BY MALIA ZIMMERMAN – While Congress debates funding for the nation’s transportation projects, a new report by the American Road and Transportation Builders Association documents that Hawaii’s federal transit allocation – like other states – may decrease by more than one third in fiscal year 2012.

The U.S. Department of Transportation reports that the nation needs an annual $28.5 billion increase in federal highway investment to maintain current conditions and an additional $2 billion for maintenance of public transportation facilities and operations.

 

However, the U.S. House of Representatives, which is seeking to cut government spending, wants to limit funding for the nation’s highways and rail systems over the next 6 years to levels sustainable by Highway Trust Fund revenues.

 

If this proposal passes for fiscal year 2012, Hawaii would see a 37.31 percent drop in funding from $161,399,324 to $101,173,351 – or a decrease of $60,225,973.
Other states would see similar declines in funding of between 35 percent and 37 percent.

 

“Everyone knew the reauthorization of the federal surface transportation programs … would be the most difficult transportation bill in decades. As it turns out, this assess­ment may have been optimistic,” the American Road and Transportation Builders Association said in its report, which also asked its members to lobby for additional funding.

 

“We are almost two years past when this measure was due and incoming Highway Trust Fund revenues are projected to only be able to support 65 percent of current investment levels ($41 billion for highways and $10.3 billion for public transit).  Without new resources, draconian cuts of 35 percent to both the highway and public transportation programs are likely.”

 

University of Hawaii Engineering Professor Panos Prevedouros the funding decrease could mean bad news for advocates of the city’s proposed rail system, which is counting on more than $1.5 billion from the federal government.

 

The city is planning to build a $5.3 billion 20-mile, elevated steel-on-steel rail system from Kapolei to Honolulu over the next several years.

 

Hawaii’s U.S. Senator Daniel Inouye, who is the Senate’s appropriations chair, has pledged to get Hawaii the $1.5 billion for the rail, but Prevedouros points out that there is nothing allocated in the federal budget for Hawaii’s rail system until October 2012.

 

“Things will be much worse at that time (in 2012). And since the current president has Hawaii in his pocket, there is little chance that precious federal monies will be diverted here prior to a critical election for him,” Prevedouros said.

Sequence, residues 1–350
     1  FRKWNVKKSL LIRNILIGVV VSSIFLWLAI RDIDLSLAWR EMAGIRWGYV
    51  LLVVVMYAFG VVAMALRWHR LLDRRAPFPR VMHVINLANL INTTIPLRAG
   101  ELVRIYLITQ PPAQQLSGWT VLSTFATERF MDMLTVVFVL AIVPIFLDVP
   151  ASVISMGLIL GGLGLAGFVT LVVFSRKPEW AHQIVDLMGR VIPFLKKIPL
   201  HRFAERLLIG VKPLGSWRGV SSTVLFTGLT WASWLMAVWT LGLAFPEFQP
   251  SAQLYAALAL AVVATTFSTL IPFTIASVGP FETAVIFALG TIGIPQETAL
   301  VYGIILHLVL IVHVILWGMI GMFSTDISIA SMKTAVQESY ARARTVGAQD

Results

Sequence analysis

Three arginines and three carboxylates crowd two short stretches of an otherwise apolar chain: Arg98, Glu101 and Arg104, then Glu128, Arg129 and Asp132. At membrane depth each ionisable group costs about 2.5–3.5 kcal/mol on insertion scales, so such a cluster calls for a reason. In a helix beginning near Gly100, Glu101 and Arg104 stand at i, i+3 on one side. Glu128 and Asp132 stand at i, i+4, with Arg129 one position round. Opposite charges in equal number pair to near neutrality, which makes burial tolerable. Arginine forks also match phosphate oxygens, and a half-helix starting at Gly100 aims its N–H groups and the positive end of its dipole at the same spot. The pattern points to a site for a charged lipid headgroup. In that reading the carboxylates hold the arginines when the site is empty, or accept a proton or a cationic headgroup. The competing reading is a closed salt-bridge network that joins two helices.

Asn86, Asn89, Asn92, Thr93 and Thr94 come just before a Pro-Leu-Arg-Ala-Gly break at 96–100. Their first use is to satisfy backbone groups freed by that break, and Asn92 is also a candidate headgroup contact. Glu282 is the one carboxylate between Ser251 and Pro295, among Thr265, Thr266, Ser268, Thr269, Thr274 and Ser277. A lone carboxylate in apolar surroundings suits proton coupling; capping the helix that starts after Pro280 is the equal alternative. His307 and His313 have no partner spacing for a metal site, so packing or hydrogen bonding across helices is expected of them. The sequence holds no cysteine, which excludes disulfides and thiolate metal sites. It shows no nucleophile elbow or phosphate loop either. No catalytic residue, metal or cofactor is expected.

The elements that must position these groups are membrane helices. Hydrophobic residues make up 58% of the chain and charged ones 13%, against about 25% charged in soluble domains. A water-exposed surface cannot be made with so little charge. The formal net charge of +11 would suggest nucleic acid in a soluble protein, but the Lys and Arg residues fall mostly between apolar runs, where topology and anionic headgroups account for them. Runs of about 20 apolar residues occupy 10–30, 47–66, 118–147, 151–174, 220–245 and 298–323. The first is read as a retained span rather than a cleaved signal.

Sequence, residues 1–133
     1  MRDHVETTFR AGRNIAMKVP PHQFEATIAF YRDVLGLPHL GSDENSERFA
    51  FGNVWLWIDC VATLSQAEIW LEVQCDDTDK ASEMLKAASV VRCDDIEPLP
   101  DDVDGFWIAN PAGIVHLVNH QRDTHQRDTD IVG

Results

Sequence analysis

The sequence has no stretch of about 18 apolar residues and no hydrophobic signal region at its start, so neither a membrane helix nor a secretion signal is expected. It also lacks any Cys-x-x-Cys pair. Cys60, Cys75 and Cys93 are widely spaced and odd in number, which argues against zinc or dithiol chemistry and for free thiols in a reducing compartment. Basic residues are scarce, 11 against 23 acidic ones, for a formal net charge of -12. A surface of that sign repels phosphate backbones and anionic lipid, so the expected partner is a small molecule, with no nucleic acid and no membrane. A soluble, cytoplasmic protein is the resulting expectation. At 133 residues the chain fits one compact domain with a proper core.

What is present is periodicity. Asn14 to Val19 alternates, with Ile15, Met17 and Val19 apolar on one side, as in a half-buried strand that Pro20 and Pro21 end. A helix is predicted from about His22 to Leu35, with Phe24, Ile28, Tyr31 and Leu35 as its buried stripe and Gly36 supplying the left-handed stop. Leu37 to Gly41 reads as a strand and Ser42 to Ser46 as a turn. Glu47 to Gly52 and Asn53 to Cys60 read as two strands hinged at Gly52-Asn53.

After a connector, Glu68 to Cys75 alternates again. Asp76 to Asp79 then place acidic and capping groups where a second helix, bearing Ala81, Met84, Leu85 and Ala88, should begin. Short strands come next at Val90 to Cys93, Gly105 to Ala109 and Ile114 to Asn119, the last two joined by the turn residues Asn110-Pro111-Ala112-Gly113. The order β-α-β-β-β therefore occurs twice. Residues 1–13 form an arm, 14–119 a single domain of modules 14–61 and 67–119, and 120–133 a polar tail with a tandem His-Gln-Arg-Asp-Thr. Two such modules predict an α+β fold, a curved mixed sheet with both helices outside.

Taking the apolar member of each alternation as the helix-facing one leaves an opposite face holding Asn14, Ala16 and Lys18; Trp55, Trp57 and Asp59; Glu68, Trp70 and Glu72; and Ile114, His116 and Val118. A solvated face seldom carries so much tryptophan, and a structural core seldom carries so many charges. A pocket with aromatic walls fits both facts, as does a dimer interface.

(See US Congress: Appropriations Committee Releases the Fiscal Year 2012 Transportation, Housing and Urban Development Funding Bill, House Appropriations Committee, 9/07/11 (http://appropriations.house.gov/News/DocumentSingle.aspx?DocumentID=258659)

 

The city has not received the final go-ahead from the federal government, so the only work on the rail to date is a contract to relocate utility lines along the route.

 

The city also issued a $1.4 billion contract to Ansaldo, however, its financial stability has been questioned by two losing bidders which are challenging the city’s contract award.

The federal transit funding bill for all 50 states contains a total of $1.8 billion for the Federal Transit Administration (FTA).

 

The President had requested $1.9 billion more than that to fund the nation’s highway systems. But the allocation is still an increase of $169 million over last year.

 

The legislation also provides $5.2 billion in state and local bus grants – the amount estimated to be available from the Mass Transit Account (trust fund) for fiscal year 2012.

 

“Like the highway program, the transit program still requires reauthorization to operate beyond September 2011, and the Committee is prepared to support a higher formula bus spending level should a new, multi-year authorization bill be enacted,” Prevedouros said.

 

“The legislation also limits transit capital investments – only funding “Small Starts” projects and those projects that have signed Full-Funding Grant Agreements (FFGA) with the FTA prior to November 1, 2011.”

 

Honolulu Area Rapid Transit, the city agency that is supposed to manage the rail project, does not have a Full-Funding Grant Agreement with the FTA, Prevedouros points out.

 

In addition to funding shortages, the city is also facing a lawsuit by several community leaders, including former Gov. Benjamin Cayetano, retired businessman Cliff Slater, University of Hawaii Law Professor Randall Roth and Retired Judge Walter Heen.

 

Other groups such as the Small Business Hawaii Entrepreneurial Education Foundation and the environmental advocacy group Hawaii’s Thousand Friends also are plaintiffs.

 

The lawsuit is challenging the city’s Environmental Impact Statement, saying that it has not considered alternatives that are less costly and more environmentally friendly.

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